As I sit down to write this, I have witnessed the New York Mets complete the worst end of season collapse in Major League Baseball history. What does this have to do with my review of The Game Plan? Probably not much, but we got to witness a team with all the talent in the world fail to heed Joe Kingman's (Dwayne Johnson) catch phrase: "Never say no." This team stopped living that and said no to the dream some weeks ago, and it was a sad thing to watch.
Beyond that, I need something to raise my spirits, something that can make me smile. The Game Plan does just that. This light-hearted family comedy succeeds where the Mets have failed on this final day of the season, make me smile and leave me with pleasant memories. As far as baseball goes, there is always next year. As for the movies, they never stop; every week brings more to watch and they will always bring a smile to my face.
The Game Plan is not a terribly original movie. It does not break any new ground or offer up anything surprising for the genre. The plot points, save for one, are all telegraphed early on. If you cannot see the direction it is heading in early on, you have likely not seen that many movies.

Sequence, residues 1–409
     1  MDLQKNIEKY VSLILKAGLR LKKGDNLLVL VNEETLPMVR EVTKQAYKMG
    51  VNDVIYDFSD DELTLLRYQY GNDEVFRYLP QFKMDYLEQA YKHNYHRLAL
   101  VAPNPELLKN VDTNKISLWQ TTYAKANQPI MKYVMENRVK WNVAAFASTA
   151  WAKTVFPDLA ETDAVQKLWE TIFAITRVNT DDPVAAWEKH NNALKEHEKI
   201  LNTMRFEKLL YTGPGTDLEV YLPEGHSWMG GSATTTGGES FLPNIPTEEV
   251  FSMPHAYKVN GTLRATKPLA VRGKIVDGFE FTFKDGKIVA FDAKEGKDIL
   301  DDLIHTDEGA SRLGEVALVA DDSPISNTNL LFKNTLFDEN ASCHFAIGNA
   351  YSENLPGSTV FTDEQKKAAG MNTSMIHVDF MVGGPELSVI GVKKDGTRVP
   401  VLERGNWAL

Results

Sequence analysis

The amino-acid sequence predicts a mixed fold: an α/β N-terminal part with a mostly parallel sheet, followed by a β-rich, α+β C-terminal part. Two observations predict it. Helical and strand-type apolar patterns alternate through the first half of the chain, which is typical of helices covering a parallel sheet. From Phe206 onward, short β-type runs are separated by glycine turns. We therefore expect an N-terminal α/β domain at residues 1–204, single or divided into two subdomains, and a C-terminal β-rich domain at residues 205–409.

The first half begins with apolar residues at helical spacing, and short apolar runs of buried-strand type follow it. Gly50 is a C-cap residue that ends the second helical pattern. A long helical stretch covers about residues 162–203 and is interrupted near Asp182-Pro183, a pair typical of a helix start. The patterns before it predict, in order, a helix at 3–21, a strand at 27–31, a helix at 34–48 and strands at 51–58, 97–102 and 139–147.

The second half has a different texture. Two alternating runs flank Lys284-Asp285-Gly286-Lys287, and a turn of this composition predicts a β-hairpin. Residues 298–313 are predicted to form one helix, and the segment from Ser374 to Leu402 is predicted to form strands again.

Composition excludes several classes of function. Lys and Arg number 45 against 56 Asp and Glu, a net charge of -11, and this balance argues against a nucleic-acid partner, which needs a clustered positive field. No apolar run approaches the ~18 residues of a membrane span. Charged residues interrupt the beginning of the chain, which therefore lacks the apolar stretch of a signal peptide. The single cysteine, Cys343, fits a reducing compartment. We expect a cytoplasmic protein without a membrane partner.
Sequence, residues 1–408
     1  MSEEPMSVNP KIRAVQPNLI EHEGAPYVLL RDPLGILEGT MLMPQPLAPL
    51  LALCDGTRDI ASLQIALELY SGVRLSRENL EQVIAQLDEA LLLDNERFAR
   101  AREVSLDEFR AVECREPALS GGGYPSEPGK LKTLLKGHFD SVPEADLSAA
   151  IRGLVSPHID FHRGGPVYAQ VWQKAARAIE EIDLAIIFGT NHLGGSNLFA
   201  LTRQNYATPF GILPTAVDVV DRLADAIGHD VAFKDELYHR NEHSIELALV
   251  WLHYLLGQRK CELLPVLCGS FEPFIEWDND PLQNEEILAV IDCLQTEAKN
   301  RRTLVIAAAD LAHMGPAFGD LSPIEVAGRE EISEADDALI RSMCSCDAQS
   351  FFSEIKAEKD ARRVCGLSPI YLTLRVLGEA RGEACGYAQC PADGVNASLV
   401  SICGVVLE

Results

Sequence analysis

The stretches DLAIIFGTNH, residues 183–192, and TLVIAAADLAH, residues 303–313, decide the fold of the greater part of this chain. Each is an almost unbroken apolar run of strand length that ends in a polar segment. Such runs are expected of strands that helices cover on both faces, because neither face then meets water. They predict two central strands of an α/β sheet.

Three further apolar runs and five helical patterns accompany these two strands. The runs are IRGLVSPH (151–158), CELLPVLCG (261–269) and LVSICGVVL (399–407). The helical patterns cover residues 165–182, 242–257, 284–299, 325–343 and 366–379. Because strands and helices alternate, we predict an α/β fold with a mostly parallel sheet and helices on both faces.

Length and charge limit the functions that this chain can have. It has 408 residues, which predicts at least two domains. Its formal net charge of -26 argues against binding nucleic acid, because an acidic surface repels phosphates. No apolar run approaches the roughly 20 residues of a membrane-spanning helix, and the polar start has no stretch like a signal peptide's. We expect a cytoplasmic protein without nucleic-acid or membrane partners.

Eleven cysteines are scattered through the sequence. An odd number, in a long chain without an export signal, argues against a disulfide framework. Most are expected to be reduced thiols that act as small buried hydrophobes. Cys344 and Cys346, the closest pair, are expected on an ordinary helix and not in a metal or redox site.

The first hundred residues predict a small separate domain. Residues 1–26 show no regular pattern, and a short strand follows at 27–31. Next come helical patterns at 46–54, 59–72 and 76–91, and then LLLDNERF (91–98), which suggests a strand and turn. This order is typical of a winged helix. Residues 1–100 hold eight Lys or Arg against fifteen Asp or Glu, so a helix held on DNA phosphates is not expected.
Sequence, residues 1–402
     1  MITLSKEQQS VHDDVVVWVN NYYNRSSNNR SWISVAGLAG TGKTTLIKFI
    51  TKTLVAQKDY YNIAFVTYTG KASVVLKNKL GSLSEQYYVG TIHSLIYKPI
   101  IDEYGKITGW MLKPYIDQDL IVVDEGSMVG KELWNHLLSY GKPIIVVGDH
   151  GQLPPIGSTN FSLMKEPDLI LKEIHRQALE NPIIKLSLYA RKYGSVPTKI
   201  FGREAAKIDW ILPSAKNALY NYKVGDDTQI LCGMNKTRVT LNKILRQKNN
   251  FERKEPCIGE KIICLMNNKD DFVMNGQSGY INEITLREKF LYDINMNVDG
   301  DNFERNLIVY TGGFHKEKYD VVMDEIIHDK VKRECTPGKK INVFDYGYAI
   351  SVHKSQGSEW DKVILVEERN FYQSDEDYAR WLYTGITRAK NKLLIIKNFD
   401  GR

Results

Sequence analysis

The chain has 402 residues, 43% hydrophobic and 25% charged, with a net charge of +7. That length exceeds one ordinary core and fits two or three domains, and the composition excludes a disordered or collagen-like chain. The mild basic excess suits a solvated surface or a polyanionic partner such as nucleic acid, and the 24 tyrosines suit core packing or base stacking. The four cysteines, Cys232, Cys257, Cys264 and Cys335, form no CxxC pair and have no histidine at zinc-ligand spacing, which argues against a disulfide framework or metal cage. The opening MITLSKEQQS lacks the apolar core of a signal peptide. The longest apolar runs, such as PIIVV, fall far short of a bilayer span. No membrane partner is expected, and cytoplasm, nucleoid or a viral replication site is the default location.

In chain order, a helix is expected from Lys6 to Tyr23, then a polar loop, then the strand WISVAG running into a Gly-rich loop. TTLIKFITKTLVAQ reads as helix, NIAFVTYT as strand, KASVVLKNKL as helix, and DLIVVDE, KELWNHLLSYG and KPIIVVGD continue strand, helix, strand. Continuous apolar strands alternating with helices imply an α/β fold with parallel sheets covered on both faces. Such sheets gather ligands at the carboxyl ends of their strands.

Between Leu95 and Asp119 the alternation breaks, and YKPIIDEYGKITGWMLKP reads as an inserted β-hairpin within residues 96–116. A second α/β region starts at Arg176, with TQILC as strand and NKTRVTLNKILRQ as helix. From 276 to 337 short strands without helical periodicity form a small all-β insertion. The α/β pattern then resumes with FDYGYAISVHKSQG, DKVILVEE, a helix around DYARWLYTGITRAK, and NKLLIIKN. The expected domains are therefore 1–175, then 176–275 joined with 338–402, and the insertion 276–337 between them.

Sort of sounds like I didn't care for the movie much, doesn't it? Well, sometimes what would appear to be criticism is exactly the opposite. It is a familiarity that works within the confines of the film. They say that familiarity breeds contempt; however, if you have the right ingredients you can change that feeling of contempt to something that more closely resembles respect. There is nothing wrong with making a film like this. The problems enter the picture when the creative team offers up little in the way of energy.
Take a look at something like The Pacifier. The concept and execution were devoid of passion and energy. The end result was a flat bore. Sure, it filled a need, but it did not do it very well. Compare that with the similarly themed No Reservations from earlier this year. That film leaned more towards the romantic and dramatic than the straight up comedic, but it was created by people who had a passion for the story. The end result was something that had a lot of heart and delivered a story that hit home even if the originality was not there.